Supplementary benefits – what are they and who receives them?

Many pensioners struggle to make ends meet on just their pension Keystone/Christof Schuerpf

Reducing financial support for the country’s poorest citizens is triggering heated debates in parliament, with no final decision expected this session. State expenditure has more than doubled since 2000 on so-called supplementary benefits for people who can’t get by on their pension alone. 

This content was published on September 12, 2018 - 08:00

What’s at stake? 

The almost CHF5 billion ($5.1 billion) in supplementary benefitsExternal link that the state pays to more than 320,000 pensioners a year. 

What’s the purpose of supplementary benefits? 

According to the federal constitution, the old-age and disability pension schemes should guarantee a living wage, the minimum income necessary for someone to meet their basic needs. Because this is no longer the case with many pensions (minimum CHF1,175, maximum CHF2,350 - or $1,200 to $2,400 - per month), supplementary benefits were created. 

Who receives supplementary benefits? 

Last year, 322,800 people. To receive supplementary benefits, one has to meet certain conditions such as drawing a pension and living in Switzerland. Cases are assessed individually. 

How much money is involved? 

This is also decided on a case-by-case basis. Income (pension and asset depletion) are compared with the recognised expenditure (rent, old-age home costs, costs of illness or disability). Until now, only annual rents of up to CHF13,200 (for singles) and CHF15,000 (for couples) were chargeable. These sums have not increased since 2000, although rents have increased considerably, above all in cities. If the recognised expenses are higher than the chargeable income, as a rule an annual supplementary benefit will make up the difference. 

External Content

Who pays for this? 

The supplementary benefits are financed 100% by the state (government and cantons). Between 2000 and 2015, the expenses for supplementary benefits more than doubled. They now total around CHF5 billion a year. In 2033, the figure is expected to be CHF7.9 billion.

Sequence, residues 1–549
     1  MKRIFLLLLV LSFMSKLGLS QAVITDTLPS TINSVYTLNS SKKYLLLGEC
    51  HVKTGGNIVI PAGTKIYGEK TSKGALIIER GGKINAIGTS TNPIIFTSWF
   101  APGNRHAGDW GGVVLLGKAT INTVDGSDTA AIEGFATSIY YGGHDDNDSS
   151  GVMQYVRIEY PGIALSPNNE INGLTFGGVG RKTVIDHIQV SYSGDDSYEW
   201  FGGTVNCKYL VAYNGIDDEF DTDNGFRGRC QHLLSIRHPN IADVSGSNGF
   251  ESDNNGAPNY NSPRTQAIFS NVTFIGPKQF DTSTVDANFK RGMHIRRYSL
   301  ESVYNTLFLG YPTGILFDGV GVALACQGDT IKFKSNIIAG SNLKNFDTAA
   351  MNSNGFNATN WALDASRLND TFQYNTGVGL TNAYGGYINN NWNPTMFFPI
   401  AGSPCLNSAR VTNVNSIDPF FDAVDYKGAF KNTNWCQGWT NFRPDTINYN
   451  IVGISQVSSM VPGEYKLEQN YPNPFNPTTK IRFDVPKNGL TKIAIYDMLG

They are only for those who need it? 

Because the cost of supplementary benefits increases every year, largely as a result of demographic development (the increasing number of pensioners), parliament is discussing reforms. Those on the political right want not only cuts to supplementary benefits but also higher hurdles to claiming them, bringing up examples of abuse. 

The political left wants to guarantee the financing of supplementary benefits by taxes, pointing to the high cost of living in Switzerland. “A life with supplementary benefits is a life on the poverty line,” says Silvia Schenker from the leftwing Social Democratic Party. 

What else is being debated? 

The House of Representatives doesn’t want to grant any supplementary benefits if the claimant has assets of more than CHF100,000. What’s more, it wants to reduce the supplementary benefits claim by 10% if the capital drawn from the occupational pension is used up prematurely. 

What is the reaction of the Swiss Abroad? 

The House of Representatives has made its decision retroactive from March of this year, according to which supplementary benefits will only be available to people who have paid into the old-age pension scheme for at least ten years. This saving measure triggered protests from the Organisation of the Swiss Abroad, which said this would disadvantage anyone who had lived abroad. 

(Source: Federal Social Insurance Office)

This article was automatically imported from our old content management system. If you see any display errors, please let us know:

Share this story

Join the conversation!

With a SWI account, you have the opportunity to contribute on our website.

You can Login or register here.